Games for video are a world beyond imagination. Literally, that’s the case! A PlayStation, Game Boy or even a smartphone are the gateways to an incredible world. What is even more impressive is that, regardless of nationality or creed, colour or language, gamers across the globe are playing identical games.
How do you make that happen?
Video game localization and translation enable these digital delights to reign over the gaming world’s diverse population.
Video game localization
Hardware and software for video games require a change in order to allow them to be played in new areas.
Think about some of the names below: Masaya Matsuura, Hironobu Sakaguchi, Satoshi Tajiri, Hideo Kojima as well as Shigeru Miyamoto. Are you aware they are five Japanese gentlemen are among the top 10 video game designers? Games such as Metal Gear and the all-consuming Pokemon are universally popular due to the power of translation of video games and localisation.
The what, why, and how to localize
Economic factors influence the decision to limit games. The primary factor is profit. Financial viability is a factor that determines the amount to be localized.
The first step is to not allow localisation at all. This is feasible if creators believe that the game is a possibility to be sold in a new location without making any changes.
The third option is to localise only the manuals and packaging, and not even the game itself. This is possible if your target market is fair.
Ability to understand the original language, or the game doesn’t have a lot of text or the story.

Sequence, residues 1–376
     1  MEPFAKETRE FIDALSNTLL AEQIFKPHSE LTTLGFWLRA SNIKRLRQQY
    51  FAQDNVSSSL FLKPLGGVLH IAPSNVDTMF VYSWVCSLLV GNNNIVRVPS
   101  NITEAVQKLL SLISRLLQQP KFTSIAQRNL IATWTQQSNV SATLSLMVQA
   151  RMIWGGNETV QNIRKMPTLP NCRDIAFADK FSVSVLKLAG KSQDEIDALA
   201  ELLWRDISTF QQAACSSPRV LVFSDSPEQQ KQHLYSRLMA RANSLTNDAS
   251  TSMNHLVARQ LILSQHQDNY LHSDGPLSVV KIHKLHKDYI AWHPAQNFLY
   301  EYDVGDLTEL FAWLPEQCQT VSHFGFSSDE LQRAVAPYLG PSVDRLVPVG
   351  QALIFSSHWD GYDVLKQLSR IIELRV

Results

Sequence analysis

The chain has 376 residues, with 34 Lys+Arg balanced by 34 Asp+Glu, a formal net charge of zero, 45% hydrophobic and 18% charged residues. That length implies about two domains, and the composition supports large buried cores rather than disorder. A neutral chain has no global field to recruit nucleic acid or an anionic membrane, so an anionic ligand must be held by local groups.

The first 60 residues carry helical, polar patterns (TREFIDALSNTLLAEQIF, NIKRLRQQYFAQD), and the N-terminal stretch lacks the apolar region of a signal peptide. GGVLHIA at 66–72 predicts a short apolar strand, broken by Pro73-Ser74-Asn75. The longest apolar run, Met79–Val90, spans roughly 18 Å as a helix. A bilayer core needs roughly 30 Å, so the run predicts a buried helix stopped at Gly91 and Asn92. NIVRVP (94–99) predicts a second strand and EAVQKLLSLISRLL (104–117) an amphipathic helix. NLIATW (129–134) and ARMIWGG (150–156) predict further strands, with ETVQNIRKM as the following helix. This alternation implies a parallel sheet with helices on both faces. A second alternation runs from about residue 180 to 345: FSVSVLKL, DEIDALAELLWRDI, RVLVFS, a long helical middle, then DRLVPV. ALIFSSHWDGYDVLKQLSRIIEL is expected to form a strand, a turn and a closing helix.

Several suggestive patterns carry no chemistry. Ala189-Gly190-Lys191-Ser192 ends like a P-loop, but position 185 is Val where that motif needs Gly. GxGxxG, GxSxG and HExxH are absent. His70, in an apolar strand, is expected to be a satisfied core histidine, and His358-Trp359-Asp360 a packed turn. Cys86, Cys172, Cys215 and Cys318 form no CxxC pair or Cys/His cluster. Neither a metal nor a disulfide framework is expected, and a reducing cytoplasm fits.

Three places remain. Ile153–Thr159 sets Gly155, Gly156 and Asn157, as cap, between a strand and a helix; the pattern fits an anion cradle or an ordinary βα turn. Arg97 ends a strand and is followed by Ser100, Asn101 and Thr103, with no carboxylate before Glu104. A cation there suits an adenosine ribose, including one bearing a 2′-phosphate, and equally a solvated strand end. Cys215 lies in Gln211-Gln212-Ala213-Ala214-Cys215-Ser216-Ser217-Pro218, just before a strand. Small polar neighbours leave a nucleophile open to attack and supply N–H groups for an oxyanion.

The third stage is to translate the game’s text while keeping the audio files that were initially recorded, thereby making the game accessible in another language without the expense of hiring actors to voice over. Subtitles can assist in the progression of the game.
The final stage is the primary Job of localisation, in which all the game’s components will be translated and localised- boxes, packaging, text for the game guides, graphics, manuals and more.
The process of localisation
There are a lot of assets in an online game, and the localisation must take into account each one.
The translation of texts is a considerable portion of localisation. Not just scripts, manuals and subtitles, but even tools like word processors, or an online browser, which make games interactive, require translation into the language of the destination.
There is also the requirement for company logos and legal labelling requirements technical details such as. That needs to be transliterated. The text must be modified and used to correspond with the language of the intended target.
Art assets need to be modified to preserve the game’s aesthetics.
Audio recordings must be done by a professional, and the accents and the manner of speaking of the actors are required to be altered to reflect the local culture.
The game can be cut into parts, either by removing the game or adding new game content.
Localisation of video games aims to make a game enjoyable, and this can only be achieved when the game is a part of the context of culture.
Culture is important.
The games of today are more narrative than action-driven. In these cases, localisation must take into account the intended audience’s needs and avoid the pitfalls of situations that are sensitive to the audience. Two examples: